Young drivers get a tough time from most people. A danger on the roads, we say, and a danger to everybody around them. Speeding, loud music, eating at the wheel and the inevitable effects of peer pressure combine to make them the second most irritating road users, just behind cyclists.
Of course we forget that when we were 17 we fell foul of exactly the same things. When I got my first car (a Ford Sierra Sapphire 2.0 GL in fact) the first thing I did was head to the pub with a car full of friends.
Fortunately I was sensible enough to avoid drinking, but the speeding, loud music and questionable driving decisions were there for all to see. I had passed my test and, therefore, I knew everything there ever was to know about driving.
That feeling ended when my car was comprehensively written off. The accident was not my fault – in fact I was actually stationary at the time – but the sudden realisation that things could go very wrong very quickly made me grow up.
Another young driver, completely unrelated to me or my friends, had lost control of their car and collided with mine, impacting directly into my door. The car’s width was reduced by around 40 cm, with my head swinging sideways through my window and into the flying shrapnel created by the merging of their Fiesta and my Sierra. The door ended up pressed against the steering wheel, the centre console had been crushed between my seat and the passenger seat, and hot steam was exiting the Fiesta and being funnelled in my direction.
Fortunately I’m still here to tell the tale, although had the impact been a few centimetres either side then it’s less certain. While smashing my head through a window hurt, I can only imagine it’s far less damaging than smacking the B-pillar before the days of airbags.
The statistics say I was lucky. One in five of all major road accidents involved novice drivers between 17 and 24 years old, and 1,552 of them were killed or seriously injured in 2011.
Older and wiser, and with teenagers in the house, I’m a major advocate for increased training for young drivers. I absolutely support their desires to have the freedom to drive, I just want to make it easier, cheaper and safer for them to own and drive their own car.
It’s that desire to make things better for our teenagers that explains why I was so keen to spend a day with Ford recently as they announced the launch of the Driving Skills for Life initiative.
This year alone, Ford will invest around £1.2 million in a scheme to train young drivers across the UK, Germany, France, Spain and Italy.
Driving Skills for Life will provide a day of expert training to drivers alongside web based teaching that should all come together to address the major causes of accidents in this age group: hazard recognition, vehicle handling, speed and space management, and dealing with distractions.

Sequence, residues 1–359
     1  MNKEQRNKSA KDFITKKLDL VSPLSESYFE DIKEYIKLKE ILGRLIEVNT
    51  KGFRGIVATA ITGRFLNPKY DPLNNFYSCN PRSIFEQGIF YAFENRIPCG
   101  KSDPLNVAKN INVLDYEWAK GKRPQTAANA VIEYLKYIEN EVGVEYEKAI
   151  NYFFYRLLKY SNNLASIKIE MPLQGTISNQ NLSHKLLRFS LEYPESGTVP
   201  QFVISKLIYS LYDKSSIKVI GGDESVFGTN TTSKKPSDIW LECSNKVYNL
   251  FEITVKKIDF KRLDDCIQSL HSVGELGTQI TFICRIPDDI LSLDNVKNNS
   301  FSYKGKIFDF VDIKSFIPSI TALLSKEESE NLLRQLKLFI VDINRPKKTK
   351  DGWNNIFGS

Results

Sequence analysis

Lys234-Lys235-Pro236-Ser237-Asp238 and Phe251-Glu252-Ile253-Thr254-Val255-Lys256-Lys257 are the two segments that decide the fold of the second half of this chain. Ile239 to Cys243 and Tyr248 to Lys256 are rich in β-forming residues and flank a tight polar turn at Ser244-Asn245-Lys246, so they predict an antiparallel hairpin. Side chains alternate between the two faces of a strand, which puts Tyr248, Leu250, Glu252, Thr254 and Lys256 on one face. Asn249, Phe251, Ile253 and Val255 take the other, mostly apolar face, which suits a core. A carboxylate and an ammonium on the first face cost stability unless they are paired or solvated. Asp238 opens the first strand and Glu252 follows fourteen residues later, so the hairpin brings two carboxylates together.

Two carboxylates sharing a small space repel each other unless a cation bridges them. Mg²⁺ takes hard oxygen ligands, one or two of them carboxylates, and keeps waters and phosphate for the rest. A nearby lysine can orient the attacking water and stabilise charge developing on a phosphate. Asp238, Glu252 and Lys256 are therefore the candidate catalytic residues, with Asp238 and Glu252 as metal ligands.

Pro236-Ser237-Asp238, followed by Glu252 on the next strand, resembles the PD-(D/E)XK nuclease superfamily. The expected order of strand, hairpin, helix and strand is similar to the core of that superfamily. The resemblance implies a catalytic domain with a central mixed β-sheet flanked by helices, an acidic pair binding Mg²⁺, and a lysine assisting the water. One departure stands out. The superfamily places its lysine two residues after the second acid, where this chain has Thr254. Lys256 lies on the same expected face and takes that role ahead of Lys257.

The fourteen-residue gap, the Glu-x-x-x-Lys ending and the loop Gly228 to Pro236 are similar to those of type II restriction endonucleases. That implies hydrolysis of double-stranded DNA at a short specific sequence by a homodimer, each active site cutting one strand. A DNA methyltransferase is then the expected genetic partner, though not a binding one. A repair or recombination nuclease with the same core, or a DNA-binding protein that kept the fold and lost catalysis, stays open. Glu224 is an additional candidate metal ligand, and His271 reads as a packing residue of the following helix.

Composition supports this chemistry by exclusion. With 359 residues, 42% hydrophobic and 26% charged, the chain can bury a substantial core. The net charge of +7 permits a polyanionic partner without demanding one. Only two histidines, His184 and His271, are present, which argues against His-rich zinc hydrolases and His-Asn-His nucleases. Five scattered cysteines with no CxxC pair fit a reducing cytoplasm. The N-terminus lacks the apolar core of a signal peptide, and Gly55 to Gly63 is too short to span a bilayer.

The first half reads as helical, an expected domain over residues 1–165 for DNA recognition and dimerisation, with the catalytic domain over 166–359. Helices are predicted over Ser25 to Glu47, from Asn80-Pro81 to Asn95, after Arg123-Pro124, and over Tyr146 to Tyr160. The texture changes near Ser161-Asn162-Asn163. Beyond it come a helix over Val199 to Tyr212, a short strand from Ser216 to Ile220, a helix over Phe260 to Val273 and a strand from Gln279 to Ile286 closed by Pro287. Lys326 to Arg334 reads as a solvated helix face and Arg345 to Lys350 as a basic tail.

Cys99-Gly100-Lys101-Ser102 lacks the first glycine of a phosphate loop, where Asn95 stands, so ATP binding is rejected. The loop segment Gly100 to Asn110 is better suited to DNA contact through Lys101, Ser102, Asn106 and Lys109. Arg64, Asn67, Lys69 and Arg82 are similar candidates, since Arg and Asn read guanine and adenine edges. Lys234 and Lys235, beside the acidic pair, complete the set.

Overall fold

Importantly, the training will be completely free, and that includes the day spent behind the wheel of a new Ford.
I spent some time with Ford trying out a couple of the real-world exercises, finding the distraction section to be a particular eye opener.
The task was simple. I had a passenger sitting to my left and an array of cones ahead marking out slaloms, garages, stopping points and so on. My passenger would calmly and quietly give me instructions on where to go and what to do. As none of it was particularly demanding, I would expect any driver to be able to carry out this part.
However, a call came through on the hands-free phone fitted and I was then engaged in conversation with another Ford rep. This guy was giving further instructions unrelated to the driving, such as turning on the stereo, retuning it and then turning it up loud. Then there was a discussion about where I last went on holiday and what I wore on Tuesday morning. All the while my passenger was continuing to give calm and quiet directions to me.
With all that going on, I could no longer cope. Simple tasks became impossible. With me years of experience, I started to block out the voice coming from the speakers and concentrated on the driving. If I’d have known where the button was, I’d have cut him off entirely.
Others weren’t so calm and collected. Kerbs took a hit, numerous cones were murdered and the gears on the Fiesta might never be the same again, all proving this one point that distraction can be overwhelming.
With countless other tests, demonstrations and experiences to put the young drivers through, there’s clearly a lot to learn. The question is whether it will make a difference.
Fortunately, there’s already an answer to that question. Ford’s Driving Skills for Life started out in America around ten years ago, with more than 100,000 drivers going through the hands-on training. In the geographic areas where this training has been available, road deaths for novice young drivers have dropped by 55%.
So that’s zero cost supplementary training to build awareness, skills and confidence that is proven to lead to a generation of safer, more responsible and better skilled young motorists.
Well done, Ford. Well done.
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